You see, I normally have serious issues with the Red Riding Hood retellings. Despite liking Cinder, I had been apprehensive about how the story would play out in Scarlet. But, without spoiling the novel for you, let me just say this: Meyer’s portrayal of Wolf and his pack makes me want to send her gold stars. No really, actual gold stars. If anyone has her address, I’ll send them now. It was genius.
The strength of this book is in its characters: Scarlet‘s heroine is independent but extremely loyal to her family. She’s tough and worldly, but not so hardened by life as to stop loving. She reminds me of Mercy Thompson from Patricia Briggs’ novels – which is quite the compliment, I assure you. As for the Wolf in the tale: he has the right mix of violent-and-distrust-worthy and worthy-of-redemption. So many authors strive to write bad boys and just end up pissing me off. Marissa Meyer, I am happy to report, is not one of those authors. Wolf is a victim in this tale; albeit a victim that can rip your throat out.
Scarlet follows directly on from Cinder and, because of that, it follows more than one POV. This can at times mean serious confusion and reader fatigue… but not in this case. The action was easy to follow and the transitions between narrator only heightened the tension. The only critique I have is that, well, I don’t particularly like Cinder as a character and so wasn’t too interested in what she had to say. Her chapters unfortunately dragged my rating of this book from 5 to 4.5 stars.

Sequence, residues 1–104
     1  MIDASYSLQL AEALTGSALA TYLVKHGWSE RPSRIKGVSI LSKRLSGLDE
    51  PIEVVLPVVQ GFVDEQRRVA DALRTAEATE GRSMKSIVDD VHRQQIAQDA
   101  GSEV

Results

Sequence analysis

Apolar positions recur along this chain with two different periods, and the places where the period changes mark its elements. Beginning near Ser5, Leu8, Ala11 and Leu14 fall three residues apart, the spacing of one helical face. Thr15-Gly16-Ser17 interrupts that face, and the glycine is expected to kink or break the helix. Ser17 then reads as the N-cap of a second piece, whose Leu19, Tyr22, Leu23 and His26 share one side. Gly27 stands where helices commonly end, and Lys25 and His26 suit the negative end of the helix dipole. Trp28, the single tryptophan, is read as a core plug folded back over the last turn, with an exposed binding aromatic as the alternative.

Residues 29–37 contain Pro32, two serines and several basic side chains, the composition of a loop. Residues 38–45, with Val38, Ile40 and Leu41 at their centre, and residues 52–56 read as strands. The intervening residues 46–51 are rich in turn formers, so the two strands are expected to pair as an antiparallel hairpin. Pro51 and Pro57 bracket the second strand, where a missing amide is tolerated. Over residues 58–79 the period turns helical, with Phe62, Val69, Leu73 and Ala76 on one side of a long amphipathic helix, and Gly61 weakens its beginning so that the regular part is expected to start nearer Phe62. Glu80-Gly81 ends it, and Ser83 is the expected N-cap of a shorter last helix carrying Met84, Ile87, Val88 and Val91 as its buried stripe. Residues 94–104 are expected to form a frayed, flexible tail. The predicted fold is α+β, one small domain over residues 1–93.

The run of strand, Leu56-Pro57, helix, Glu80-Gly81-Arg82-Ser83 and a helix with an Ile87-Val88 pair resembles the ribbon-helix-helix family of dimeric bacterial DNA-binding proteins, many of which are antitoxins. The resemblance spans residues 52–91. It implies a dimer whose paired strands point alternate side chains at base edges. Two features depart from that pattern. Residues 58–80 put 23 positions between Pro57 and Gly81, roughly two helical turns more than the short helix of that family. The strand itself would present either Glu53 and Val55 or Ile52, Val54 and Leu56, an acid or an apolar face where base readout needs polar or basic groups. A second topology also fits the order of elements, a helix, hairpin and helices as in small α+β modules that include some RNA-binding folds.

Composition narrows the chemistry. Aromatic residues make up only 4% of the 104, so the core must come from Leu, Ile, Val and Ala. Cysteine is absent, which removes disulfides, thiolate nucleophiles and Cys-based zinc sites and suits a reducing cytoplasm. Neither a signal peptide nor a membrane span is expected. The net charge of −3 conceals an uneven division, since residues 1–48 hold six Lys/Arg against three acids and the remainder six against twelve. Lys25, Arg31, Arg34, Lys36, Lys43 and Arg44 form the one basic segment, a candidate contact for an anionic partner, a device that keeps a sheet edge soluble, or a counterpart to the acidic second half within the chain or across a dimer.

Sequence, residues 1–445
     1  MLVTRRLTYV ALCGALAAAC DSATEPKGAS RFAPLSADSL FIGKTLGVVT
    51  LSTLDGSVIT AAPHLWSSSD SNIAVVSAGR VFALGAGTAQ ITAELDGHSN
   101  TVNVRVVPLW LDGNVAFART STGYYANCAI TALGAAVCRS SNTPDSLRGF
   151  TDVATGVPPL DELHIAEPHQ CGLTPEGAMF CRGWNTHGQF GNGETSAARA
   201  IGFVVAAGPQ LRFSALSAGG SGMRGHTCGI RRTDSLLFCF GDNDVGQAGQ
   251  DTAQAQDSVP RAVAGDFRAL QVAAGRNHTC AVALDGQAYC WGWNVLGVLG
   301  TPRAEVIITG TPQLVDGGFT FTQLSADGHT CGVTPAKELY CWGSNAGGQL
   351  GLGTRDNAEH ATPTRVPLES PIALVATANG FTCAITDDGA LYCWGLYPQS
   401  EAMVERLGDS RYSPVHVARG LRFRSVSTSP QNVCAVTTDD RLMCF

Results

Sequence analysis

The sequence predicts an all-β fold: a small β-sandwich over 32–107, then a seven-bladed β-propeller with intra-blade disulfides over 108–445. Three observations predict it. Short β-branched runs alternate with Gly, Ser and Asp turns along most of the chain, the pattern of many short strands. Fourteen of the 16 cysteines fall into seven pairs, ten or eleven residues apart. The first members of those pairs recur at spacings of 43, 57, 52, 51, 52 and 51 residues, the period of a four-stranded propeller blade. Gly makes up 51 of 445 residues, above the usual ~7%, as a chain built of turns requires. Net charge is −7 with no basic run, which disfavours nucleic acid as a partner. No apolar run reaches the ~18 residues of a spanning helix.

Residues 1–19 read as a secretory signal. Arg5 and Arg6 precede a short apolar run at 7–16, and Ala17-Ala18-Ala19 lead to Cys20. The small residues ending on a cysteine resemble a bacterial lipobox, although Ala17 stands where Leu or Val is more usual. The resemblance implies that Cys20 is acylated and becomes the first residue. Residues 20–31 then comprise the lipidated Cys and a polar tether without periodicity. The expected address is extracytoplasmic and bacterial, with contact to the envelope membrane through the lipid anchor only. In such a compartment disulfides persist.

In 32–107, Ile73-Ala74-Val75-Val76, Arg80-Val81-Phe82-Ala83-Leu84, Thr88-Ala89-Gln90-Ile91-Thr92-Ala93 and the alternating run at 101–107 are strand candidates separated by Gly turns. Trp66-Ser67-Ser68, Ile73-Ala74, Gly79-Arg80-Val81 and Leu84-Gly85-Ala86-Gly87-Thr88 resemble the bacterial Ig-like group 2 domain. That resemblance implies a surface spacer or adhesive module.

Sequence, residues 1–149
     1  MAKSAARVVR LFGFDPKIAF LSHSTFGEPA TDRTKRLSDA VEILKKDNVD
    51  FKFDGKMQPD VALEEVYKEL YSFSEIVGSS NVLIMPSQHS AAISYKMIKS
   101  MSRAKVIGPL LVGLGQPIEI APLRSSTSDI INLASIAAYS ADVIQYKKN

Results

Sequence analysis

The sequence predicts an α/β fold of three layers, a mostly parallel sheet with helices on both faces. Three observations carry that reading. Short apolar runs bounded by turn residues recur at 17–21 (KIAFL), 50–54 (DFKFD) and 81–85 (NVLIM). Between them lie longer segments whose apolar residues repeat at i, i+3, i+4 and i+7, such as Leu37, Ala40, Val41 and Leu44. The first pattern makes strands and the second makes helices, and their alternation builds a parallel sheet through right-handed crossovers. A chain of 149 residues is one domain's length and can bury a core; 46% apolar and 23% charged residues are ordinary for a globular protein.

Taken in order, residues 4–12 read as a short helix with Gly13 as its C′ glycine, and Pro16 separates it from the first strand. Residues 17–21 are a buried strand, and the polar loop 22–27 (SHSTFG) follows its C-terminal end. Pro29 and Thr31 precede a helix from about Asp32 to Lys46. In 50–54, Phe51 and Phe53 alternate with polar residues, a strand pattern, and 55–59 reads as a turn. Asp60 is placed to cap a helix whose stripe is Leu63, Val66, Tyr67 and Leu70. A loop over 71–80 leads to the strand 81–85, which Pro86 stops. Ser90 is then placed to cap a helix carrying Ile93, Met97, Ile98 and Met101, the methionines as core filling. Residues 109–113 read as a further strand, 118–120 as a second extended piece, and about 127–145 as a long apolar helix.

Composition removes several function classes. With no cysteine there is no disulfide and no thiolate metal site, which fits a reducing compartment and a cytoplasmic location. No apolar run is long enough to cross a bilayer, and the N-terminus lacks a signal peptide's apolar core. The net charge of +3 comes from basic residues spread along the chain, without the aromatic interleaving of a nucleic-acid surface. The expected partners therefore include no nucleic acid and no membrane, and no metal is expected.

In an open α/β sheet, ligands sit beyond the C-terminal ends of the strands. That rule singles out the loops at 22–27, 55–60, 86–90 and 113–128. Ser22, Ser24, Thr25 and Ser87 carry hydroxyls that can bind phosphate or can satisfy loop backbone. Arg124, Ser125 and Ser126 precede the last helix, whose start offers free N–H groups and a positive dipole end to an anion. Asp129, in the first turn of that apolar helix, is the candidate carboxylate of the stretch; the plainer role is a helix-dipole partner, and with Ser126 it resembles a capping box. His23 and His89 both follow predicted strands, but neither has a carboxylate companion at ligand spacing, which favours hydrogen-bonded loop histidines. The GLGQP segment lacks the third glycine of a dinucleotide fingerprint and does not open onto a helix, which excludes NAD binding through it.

Besides my dislike of Cinder’s character, one of my biggest peeves from Cinder was the predictability of the plot – something I am happy to report Scarlet has none of. While I could certainly tell that none of the characters were quite who they said they were, I didn’t know what to expect. Scarlet‘s plot twists and turns had all the oomph I love. There were leaps from moving trains, fights in empty theatres and kidnappings galore – but, best of all, I didn’t see any of them coming.
My goodreads updates for your amusement:
Bottom line: Scarlet is a brilliant, brilliant book. Even if you weren’t impressed by Cinder, you’ll love it.